Album review: Dylan LeBlanc - Cast the Same Old Shadow

By Joel Greatbatch

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Album cover of Cast the Same Old Shadow by Dylan LeBlanc. Photo / Supplied
Album cover of Cast the Same Old Shadow by Dylan LeBlanc. Photo / Supplied

Like most country music, Dylan LeBlanc's second album comes with some post breakup baggage, which can equal: A. Great music or B. Depressing music.

But Cast the Same Old Shadow doesn't really ring either bell. It does a nice job at crystallising the mood of a young cowboy who's just had his heart broken and is in desperate need of a drink, a friend and a saloon piano to recover. But it lacks the visceral punch that you would be expecting from a guy who's reportedly had his heart torched like an open fire marshmallow.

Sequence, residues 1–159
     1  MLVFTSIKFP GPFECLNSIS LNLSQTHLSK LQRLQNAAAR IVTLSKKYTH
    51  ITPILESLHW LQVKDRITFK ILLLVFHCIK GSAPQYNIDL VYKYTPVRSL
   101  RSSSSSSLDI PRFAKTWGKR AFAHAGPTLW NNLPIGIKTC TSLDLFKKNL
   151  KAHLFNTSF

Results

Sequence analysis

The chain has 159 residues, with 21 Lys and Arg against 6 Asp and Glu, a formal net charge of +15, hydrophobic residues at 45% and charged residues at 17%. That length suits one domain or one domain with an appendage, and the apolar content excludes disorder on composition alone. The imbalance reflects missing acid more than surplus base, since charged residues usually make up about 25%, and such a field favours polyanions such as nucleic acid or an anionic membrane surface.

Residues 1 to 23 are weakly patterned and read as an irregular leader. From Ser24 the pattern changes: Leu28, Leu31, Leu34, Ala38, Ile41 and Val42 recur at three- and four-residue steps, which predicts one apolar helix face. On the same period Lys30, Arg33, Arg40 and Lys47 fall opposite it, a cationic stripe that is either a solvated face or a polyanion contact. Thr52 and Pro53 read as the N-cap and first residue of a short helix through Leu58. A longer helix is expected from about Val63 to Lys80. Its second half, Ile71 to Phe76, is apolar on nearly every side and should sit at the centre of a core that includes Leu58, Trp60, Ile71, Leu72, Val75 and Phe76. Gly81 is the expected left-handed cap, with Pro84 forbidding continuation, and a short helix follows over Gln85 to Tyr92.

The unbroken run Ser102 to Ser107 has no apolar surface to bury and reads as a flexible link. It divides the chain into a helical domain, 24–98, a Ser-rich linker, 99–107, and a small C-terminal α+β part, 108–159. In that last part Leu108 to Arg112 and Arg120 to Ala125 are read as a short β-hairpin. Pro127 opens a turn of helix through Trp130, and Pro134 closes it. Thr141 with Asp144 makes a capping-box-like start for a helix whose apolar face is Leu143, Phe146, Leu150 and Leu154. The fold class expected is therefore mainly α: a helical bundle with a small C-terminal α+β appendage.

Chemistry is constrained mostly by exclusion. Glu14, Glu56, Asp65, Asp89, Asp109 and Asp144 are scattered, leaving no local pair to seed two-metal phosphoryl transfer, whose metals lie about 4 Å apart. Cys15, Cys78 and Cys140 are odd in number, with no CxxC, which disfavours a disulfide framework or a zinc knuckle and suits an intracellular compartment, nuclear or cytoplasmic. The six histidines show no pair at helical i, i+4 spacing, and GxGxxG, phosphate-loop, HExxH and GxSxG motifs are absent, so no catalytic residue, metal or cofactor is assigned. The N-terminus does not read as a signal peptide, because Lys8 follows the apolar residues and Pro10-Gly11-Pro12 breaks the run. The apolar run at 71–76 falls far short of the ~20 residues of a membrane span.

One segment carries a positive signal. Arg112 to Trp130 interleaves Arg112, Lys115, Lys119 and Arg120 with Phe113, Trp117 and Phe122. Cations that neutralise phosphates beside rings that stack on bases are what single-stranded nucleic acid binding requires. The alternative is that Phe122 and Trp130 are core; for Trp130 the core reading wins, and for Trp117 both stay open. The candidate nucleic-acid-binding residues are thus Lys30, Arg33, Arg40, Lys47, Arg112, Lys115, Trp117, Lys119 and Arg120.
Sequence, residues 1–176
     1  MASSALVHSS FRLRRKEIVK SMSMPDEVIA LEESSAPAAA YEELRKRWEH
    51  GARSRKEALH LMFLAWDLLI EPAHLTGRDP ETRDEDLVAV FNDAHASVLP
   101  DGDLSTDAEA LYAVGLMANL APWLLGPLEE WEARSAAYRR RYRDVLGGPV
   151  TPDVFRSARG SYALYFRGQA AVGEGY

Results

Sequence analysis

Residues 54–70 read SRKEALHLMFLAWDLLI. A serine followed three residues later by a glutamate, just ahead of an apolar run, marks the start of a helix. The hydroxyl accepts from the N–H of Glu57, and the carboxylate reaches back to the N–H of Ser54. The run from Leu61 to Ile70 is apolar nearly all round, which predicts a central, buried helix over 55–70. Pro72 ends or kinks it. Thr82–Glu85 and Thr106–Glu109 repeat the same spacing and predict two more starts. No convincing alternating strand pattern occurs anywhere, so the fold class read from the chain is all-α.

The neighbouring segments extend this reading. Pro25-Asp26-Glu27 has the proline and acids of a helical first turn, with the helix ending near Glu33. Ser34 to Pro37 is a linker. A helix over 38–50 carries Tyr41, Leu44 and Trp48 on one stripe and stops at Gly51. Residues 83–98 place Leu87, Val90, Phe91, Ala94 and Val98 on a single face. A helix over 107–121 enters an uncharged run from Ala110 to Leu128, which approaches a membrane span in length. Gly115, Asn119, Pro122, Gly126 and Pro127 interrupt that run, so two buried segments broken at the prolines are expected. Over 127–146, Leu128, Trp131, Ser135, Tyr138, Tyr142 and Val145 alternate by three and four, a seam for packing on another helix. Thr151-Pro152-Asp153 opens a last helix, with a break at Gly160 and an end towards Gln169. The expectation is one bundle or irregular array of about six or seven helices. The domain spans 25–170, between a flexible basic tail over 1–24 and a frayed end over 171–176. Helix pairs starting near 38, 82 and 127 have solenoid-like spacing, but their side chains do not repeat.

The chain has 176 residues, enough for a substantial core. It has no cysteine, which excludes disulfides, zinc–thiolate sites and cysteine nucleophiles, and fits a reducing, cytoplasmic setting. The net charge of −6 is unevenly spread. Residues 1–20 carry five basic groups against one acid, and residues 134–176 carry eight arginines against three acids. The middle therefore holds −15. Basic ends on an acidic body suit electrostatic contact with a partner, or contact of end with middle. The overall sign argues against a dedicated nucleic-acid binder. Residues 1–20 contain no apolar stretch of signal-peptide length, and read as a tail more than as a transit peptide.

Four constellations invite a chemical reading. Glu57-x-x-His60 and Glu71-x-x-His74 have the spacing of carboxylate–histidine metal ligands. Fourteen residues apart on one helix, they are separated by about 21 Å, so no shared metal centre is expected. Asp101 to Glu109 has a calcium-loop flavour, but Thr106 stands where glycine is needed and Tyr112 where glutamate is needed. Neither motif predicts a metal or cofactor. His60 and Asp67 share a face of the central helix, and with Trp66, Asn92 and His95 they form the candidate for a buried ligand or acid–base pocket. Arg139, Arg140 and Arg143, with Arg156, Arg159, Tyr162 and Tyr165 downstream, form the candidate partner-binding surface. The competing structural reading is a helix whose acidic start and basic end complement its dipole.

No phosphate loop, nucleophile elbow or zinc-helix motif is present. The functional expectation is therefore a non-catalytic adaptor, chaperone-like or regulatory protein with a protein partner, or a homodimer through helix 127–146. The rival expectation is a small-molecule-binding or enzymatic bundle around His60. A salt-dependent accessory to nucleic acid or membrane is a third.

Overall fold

First track Part One: The End comes draped in a grey fog of loneliness and regret, but halfway through the album it becomes apparent that things aren't nearly as melancholic as you thought they'd be.

Upon repeated listens you realise there's a gentle upbeat thread throughout, with tracks like Brother, where LeBlanc channels his inner Neil Young, and Comfort Me doing just what the title implies.

But if you were to subtract the slide guitars and twang in his voice, Cast the Same Old Shadow sounds more like Chris Isaak than a near suicidal Ryan Adams.

Also LeBlanc's country style inflections start to grate, giving the impression that he's trying to apply a little too much southern comfort. His smooth vocal tone of smoke and wood would be a treat if he didn't sound like he had a jar of marbles in his mouth.

He has a genuinely interesting voice but it runs a very fine line between purity and parody. It's not a bad album, it's just not a great one either.

Who: Dylan LeBlanc
What: Album Cast the Same Old Shadow
Stars: 3/5 stars

- NZ Herald

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